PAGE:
We ended up being transferred two more times within a year! The first place was not a happy one, I remember many bit and pieces like working on a field picking strawberries to make some money, the local police raiding our room and taking everything we owned, my father getting in fight to protect me because some men inappropriately touched me and I also remember being beaten up by local kids. The second town was Sandl, it was a nicer place and people were compassionate. However, I do recall how proud some of their people were of their Nazi heritage and the night when a dozen members came to our place in their white hooded outfits burning a cross in the front yard while yelling for us to come out; It was a bit traumatizing for all of us.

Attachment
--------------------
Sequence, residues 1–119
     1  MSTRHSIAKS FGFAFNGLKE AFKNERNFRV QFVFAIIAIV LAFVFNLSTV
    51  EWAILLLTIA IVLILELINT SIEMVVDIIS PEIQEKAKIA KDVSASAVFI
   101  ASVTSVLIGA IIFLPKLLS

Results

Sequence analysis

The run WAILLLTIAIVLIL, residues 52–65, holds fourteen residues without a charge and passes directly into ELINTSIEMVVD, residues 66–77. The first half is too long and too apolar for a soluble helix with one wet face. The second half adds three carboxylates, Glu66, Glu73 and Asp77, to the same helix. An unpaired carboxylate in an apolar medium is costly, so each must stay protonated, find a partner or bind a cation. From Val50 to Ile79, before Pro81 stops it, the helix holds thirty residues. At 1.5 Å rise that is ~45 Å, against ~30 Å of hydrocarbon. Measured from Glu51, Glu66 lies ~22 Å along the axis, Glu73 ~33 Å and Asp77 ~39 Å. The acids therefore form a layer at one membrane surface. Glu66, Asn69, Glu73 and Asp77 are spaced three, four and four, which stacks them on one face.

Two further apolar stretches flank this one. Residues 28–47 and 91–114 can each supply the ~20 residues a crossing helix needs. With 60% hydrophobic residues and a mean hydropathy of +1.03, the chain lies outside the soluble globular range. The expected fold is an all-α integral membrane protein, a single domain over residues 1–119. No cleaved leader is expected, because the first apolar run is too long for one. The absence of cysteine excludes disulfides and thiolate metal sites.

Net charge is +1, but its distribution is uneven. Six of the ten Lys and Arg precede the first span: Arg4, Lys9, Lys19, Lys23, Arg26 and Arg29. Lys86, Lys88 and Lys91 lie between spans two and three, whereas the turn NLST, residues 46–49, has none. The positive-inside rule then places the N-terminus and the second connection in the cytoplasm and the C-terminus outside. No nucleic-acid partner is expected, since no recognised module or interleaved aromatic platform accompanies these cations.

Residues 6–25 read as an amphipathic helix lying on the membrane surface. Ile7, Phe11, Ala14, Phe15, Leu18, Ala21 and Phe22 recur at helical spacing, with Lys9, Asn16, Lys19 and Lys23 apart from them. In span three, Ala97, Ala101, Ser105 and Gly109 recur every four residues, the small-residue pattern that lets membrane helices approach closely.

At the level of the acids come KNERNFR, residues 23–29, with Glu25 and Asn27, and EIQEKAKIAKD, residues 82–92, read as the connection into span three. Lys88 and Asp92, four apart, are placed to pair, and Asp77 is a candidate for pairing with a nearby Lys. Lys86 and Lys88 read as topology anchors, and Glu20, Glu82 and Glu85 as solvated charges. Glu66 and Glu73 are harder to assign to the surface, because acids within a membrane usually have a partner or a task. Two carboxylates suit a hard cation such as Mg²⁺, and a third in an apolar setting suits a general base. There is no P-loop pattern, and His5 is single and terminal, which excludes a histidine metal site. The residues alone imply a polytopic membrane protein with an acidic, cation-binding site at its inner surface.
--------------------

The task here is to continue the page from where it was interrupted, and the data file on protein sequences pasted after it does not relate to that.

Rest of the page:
However, my saddest memory that replays over and over in my mind is of people who slept on the cold floor in the refugee camp. Their children were naked and instead of diapers they were wearing shopping bags. I remember throwing a shirt down to a kid when my mom was not looking. During this time the world was not as beautiful as I read in my picture books. I felt pity for them like words cannot explain, yet because I come from mixed blood it was easy to separate myself from the people who were unworthy to sleep on a bed like the rest of us refugees. The Europeans named these people “Gypsies”, assuming that their origin came from Egypt in the beginning of the 11th century! They are roaming souls that only God cares for! To this day the origins and heritage of gypsies are misunderstood! According to their legends they migrated from India in 1000BC. There are several gypsy tribes; I belong to the Roma nation. There are many groups such as the Kalderash, the Machavaya, the Lovari, Churari, Romanichal, Gitanoes, Sinti, Rudari, Manush, Boyash, Ungaritza, Luri, Bashaldé, Romungro, and the Xoraxai. From integrating with the Europeans, you may never able to distinguish a gypsy from a European. Their skin comes in all shades, but their language remains ancient Punjabi and Hindi although their dialect varies. Their way of life is like no other, yet they are made in the image of God, who deserve as much respect as any other nation on this earth. Many gypsies broke away from their tribe to maintain a European lifestyle and live as respected members among their communities, such as my family did. They became doctors, nurses, professors, teacher, conductors, engineers, artist, and like me the first to go to college to become a psychologist and a children's book author. Therefore, now that I think back, when someone yelled dirty gypsies to those kids in the refugee camp I felt as if they were pointing their fingers at me. I was always picked on at school, beaten up for being a slightly darker shade and yet if I tell that to an African-American they look at me in disbelief.